“I wanted to thank you.” she said softly, leaning in close. “For listening. For…tolerating me. I’m sorry if I was harsh. It’s just been…”

    She stopped to scratch vigorously behind her ear, scowling as she did so. Her fingernails came away encrusted with dried blood. With a confused look on her face, she stared at them for a moment, before appearing to write it off mentally and dropping her hand.

    “…a very trying day.”

    “Right.” Susanna squeaked, her jaw near breaking point. “See you.”

    She rushed away, but not so fast as to be discourteous and breathed a sigh of relief when she was out of range. The walls weren’t closing in anymore. She put a hand on her heart and realized that it had been pounding.

    As she trotted past the spare room, she realized that its door had been left open. A touch of curiosity momentarily overcoming her weariness, she poked her head in and squinted through the darkness. The room was in shambles. There was muddy armor and clothes scattered all around and a washbasin with murky water sat in the middle of the floor. At the far end, she could see a dim shape sleeping in the bed, completely swaddled in blankets, save for the tangled nest of blond hair that poked out from beneath the covers. Alert to every creak of the floor above, she speedily moved on.

    Elda, the innkeeper was lounging sleepily at the front counter. She waved goodbye weakly, yawning as she did so. Susanna said her goodnights and threw her body against the heavy iron door.

    The wind was blowing it shut. Grinding her heels into the floorboards, she braced herself and pushed, finally dislodging it and stumbling down the front steps a little ways before landing knee-first in a snow bank. She heard the door slam behind her, booming hollowly with the finality of a dragon’s jaws.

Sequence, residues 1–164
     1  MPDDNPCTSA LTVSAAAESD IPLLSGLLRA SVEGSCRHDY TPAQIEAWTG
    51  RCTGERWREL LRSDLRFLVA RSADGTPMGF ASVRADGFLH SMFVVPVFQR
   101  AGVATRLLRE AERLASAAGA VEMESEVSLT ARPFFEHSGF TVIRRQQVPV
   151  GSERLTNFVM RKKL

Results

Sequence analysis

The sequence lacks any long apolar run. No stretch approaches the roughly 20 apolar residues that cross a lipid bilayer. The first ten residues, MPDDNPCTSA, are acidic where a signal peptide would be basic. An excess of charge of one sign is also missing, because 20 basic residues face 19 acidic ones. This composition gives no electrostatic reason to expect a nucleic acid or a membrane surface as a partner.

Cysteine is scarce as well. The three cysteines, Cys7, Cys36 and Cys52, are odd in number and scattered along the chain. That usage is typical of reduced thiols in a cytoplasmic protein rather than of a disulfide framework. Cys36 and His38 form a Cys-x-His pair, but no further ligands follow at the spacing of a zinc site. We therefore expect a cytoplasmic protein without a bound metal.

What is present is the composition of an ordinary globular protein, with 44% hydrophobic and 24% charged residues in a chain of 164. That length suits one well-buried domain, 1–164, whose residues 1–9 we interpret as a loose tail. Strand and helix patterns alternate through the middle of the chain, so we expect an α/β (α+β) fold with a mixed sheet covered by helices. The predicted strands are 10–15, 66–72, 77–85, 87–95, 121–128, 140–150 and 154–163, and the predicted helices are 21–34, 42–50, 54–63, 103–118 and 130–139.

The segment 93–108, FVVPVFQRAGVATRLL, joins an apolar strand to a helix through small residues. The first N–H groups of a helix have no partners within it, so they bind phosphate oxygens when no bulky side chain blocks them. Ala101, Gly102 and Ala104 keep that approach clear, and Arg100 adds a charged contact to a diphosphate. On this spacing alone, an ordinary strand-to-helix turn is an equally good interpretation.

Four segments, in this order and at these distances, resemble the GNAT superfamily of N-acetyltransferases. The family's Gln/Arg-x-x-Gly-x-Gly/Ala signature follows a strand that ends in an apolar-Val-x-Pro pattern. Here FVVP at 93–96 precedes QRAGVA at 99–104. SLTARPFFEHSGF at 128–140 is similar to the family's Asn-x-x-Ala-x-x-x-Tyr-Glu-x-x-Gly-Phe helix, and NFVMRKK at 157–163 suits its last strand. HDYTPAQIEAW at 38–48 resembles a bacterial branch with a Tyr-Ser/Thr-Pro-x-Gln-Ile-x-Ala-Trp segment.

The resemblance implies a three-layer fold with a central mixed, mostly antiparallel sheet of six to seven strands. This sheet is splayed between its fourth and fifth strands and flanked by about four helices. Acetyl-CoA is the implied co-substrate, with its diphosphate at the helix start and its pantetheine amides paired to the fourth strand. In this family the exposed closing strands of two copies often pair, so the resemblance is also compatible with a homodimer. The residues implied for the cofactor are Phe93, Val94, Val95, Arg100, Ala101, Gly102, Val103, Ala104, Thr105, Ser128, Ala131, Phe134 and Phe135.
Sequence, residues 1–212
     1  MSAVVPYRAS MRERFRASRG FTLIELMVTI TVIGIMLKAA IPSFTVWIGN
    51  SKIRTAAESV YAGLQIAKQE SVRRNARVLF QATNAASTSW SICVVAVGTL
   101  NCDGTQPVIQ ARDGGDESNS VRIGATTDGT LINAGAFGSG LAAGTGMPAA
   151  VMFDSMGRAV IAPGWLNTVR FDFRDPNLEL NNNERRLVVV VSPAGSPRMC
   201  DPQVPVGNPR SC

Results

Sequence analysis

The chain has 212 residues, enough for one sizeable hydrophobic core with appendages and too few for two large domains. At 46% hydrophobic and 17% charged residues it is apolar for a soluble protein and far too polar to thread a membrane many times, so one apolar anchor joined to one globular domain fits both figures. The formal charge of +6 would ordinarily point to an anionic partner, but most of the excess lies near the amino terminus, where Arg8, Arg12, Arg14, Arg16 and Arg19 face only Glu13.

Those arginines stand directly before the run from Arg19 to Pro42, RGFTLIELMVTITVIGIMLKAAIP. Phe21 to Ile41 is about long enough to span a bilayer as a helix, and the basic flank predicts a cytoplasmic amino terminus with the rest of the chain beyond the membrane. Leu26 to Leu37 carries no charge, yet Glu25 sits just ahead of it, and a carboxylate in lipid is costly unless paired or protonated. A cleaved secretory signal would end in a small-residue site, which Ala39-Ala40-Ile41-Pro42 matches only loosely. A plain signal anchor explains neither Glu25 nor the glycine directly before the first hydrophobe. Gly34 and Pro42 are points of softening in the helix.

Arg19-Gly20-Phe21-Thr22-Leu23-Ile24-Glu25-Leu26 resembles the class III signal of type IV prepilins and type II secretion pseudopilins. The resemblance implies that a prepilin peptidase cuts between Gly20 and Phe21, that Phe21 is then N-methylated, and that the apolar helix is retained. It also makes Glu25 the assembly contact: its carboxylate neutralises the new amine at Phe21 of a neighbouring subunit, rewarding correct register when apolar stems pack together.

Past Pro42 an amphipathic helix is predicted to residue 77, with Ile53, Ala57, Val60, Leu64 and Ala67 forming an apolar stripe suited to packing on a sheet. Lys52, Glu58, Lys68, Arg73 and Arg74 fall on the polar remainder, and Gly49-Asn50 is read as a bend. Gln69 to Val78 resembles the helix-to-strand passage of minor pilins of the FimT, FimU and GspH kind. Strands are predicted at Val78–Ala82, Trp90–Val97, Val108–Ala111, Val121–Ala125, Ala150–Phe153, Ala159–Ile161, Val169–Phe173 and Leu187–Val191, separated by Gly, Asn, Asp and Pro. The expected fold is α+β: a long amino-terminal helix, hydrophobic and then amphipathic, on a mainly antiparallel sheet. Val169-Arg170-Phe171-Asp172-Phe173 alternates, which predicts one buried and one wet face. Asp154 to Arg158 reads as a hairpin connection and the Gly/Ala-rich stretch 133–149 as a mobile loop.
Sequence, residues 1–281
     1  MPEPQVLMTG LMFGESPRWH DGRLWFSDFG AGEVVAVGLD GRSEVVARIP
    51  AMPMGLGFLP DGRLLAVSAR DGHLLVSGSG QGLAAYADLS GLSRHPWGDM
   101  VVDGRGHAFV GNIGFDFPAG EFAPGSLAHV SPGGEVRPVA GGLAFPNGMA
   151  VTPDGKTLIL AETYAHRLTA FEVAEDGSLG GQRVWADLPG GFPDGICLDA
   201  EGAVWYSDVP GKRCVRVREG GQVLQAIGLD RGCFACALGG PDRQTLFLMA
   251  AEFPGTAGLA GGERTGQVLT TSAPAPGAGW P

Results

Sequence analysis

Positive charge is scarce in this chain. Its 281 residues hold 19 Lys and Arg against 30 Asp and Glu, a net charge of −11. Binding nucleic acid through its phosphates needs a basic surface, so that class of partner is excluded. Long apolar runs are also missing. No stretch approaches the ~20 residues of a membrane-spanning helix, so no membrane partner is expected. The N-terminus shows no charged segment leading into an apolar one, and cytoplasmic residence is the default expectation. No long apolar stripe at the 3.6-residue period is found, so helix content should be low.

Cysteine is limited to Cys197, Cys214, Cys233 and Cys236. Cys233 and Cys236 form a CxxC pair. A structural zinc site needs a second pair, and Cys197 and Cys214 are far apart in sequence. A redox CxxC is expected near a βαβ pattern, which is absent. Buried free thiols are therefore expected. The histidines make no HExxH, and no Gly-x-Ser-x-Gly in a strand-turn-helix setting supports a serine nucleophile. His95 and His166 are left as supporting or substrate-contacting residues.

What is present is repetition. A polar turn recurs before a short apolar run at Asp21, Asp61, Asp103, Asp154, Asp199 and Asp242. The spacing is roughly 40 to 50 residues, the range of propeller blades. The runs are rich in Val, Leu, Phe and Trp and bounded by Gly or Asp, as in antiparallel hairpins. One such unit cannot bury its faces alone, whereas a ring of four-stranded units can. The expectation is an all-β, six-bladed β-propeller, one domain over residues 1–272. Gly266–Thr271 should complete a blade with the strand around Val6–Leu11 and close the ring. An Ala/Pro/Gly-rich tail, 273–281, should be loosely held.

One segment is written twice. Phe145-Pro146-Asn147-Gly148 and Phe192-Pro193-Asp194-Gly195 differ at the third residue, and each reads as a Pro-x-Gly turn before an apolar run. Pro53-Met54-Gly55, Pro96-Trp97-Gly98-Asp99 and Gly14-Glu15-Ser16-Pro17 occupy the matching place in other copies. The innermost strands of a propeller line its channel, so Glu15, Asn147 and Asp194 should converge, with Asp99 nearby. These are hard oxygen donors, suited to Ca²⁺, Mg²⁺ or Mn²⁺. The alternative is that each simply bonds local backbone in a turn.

Cursing under her breath, she stood up and brushed herself off. She needn’t have bothered. The snow fell as fast she could brush it off. The icy wind blew her skirt up past her knees and every snowflake was like a pinprick on her skin. Sticking her hands in her armpits and shivering, she staggered off blindly into the blizzard.

    The room swam before Tanniel’s bleary eyes. For a moment, it looked as though she were underwater, amid shifting currents and lights. But after a few vigorous blinks the effect just about wore off. Her head was throbbing and she was uncomfortably warm as she returned to consciousness, squinting at the ceiling of her room in the Bannered Mare. A low groan escaping her throat before she could do anything to stop it, she slowly sat up and tested her joints. Every single one of them was stiff, her shoulder especially. It was still tender to the touch, though Danica had mended its bones with a touch the day before. She supposed that Restoration magic could only go so far. After that, healing was up to the body itself.

    Her tongue felt thick and heavy and her mouth tasted, peculiarly, of dog hair. She was reasonably certain that there hadn’t been any dogs in the inn last night and if there had been, saw no conceivable way that they’d have anything to do with her mouth. But then again, nothing that had happened in her dim recent memory had been reasonable in the least.

    She decided to try her voice. A word hovered at the back of her dazed mind, glowing in her mind’s eye, though she couldn’t quite put a finger on its origin. It slid out of her lips almost unbidden, its unusual shape strangely familiar on her tongue.


    A bottle of wine went flying off the end table to smash itself against the wall of the opposite end of the room. Tanniel’s eyes widened as she watched its amethyst contents dribble down the wall and puddle in the floorboards. Her ears were ringing and all she could hear was their droning whine inside her own head. Terror filling her heart, she jerked backward involuntarily, as though she could run from her own voice or flee from what it could do.

    All thoughts were violently seared from her mind with the intense spasm of pain that crackled through her chest. It was like the steel jaws of a bear trap had clamped around her torso, tearing through flesh and bone. She lay still for a few minutes, gasping for breath and gagging alternately with the sudden wave of nausea that had taken hold of her. When the sensation had subsided, she slowly dared to sit up again, lifting herself up by her elbows and being careful not to disturb the affected area again.

    With shaking hands, she undid her robe and saw the problem immediately. Her torso was ringed with deep purple bruises, in a pattern that suggested the maw of a horrible animal. She smelled the iron tang of blood and the reek of rancid, meaty breath. She saw ivory teeth, like daggers emerging from smoke and whirling ash. A voice, belittling and cruel, inhuman in its tone, laughed at the scope of her failure.